Community schools in multiple states will be the focus of renewed efforts to vaccinate more children and staff even as COVID rates are as low as they have been since the pandemic began.
The Vaccine Confidence Challenge is awarding $5,000 grants each week to community school campaigns that combat vaccine hesitancy in underresourced cities and neighborhoods. These schools are ideally suited for the effort as they already serve as hubs for medical care, nutrition, and other services, says JosÁ© MuÁ±oz, director of the Institute for Educational Leadership’s Coalition for Community Schools, which is partnering on the challenge with the National Association of School Nurses and health-care giant Kaiser Permanente.
Administrators can use ESSER COVID relief money to fund these vaccination and education campaigns. “Right now, administrators have billions of dollars in their hands,” MuÁ±oz says. “If they’re looking for the highest-leverage opportunities that last the longest, they should invest in the community schools.”
Schools in California, Colorado, Georgia, Hawaii, Maryland, Oregon, Northern Virginia, Washington, and Washington, D.C., are eligible to register for the challenge, which runs through the end of May. “We see this project as a critical opportunity to improve the health and well-being of our school communities,” says Donna Mazyck, executive director of the National Association of School Nurses. “The pandemic exposed serious health inequities and this coalition is well-positioned to support community members and ensure access to safe and effective vaccination.”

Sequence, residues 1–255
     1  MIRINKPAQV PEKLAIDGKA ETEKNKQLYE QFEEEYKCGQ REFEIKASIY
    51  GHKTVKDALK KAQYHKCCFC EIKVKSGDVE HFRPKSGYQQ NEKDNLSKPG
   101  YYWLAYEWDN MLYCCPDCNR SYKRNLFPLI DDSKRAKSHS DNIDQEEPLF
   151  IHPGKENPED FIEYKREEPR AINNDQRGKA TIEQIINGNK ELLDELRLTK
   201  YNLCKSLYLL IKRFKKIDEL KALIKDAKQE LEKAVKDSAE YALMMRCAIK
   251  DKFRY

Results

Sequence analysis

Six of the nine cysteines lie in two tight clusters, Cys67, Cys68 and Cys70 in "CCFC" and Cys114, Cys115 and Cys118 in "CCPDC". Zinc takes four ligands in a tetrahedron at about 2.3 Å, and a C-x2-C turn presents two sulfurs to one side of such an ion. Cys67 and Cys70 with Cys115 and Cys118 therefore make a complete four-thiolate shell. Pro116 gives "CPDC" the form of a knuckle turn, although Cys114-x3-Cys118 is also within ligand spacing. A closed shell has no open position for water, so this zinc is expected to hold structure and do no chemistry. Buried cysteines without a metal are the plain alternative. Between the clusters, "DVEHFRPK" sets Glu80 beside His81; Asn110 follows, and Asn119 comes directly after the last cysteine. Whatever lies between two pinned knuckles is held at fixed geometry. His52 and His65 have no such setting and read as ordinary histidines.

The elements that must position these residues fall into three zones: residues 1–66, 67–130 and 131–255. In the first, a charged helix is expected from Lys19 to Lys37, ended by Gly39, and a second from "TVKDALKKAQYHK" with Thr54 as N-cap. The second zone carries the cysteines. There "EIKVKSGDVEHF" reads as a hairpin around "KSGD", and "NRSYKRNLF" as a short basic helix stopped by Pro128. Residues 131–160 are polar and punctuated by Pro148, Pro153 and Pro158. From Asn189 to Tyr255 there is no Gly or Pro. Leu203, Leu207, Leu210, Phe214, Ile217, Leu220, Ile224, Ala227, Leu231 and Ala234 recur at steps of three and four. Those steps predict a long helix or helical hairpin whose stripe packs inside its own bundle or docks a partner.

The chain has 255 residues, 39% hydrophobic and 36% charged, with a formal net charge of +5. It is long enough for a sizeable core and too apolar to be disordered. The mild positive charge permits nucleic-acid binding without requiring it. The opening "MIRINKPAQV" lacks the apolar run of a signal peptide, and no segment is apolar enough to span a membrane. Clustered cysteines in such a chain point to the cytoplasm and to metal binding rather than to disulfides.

Some of the early signs of success include schools that are translating vaccination-related materials into multiple languages. Educators and others are also chipping away at vaccine hesitancy by having one-on-one and small group conversations with reluctant families, some of whom have said they are still waiting to see how the vaccines impact the health of people who have received them, MuÁ±oz says.
“Community schools, through their partnerships with unions and administrators’ associations, can be influences for broader public health,” MuÁ±oz says. “The last 24 months have caused a tremendous amount of mental health issues for young people, and kids are still going to need vaccinations in multiple ways and kids are still going to get sick.”
Community schools are also being encouraged to use federal COVID relief to unlock additional funds from local governments, health care providers, private organizations, and philanthropic foundations. “Private funding helps catalyze great ideas,” MuÁ±oz says. “Everything is innovative right now because we’ve never been through this.”
The Vaccine Challenge should also help further the mission of community schools to coordinate services for marginalized neighborhoods that lack adequate health care and other essentials. One example of a big win during COVID was how many schools distributed free meals during lockdowns. “It’s a great time to mobilize,” MuÁ±oz says. “Let’s make sure we don’t waste this moment and that we build out the relationships and systems that care for kids.”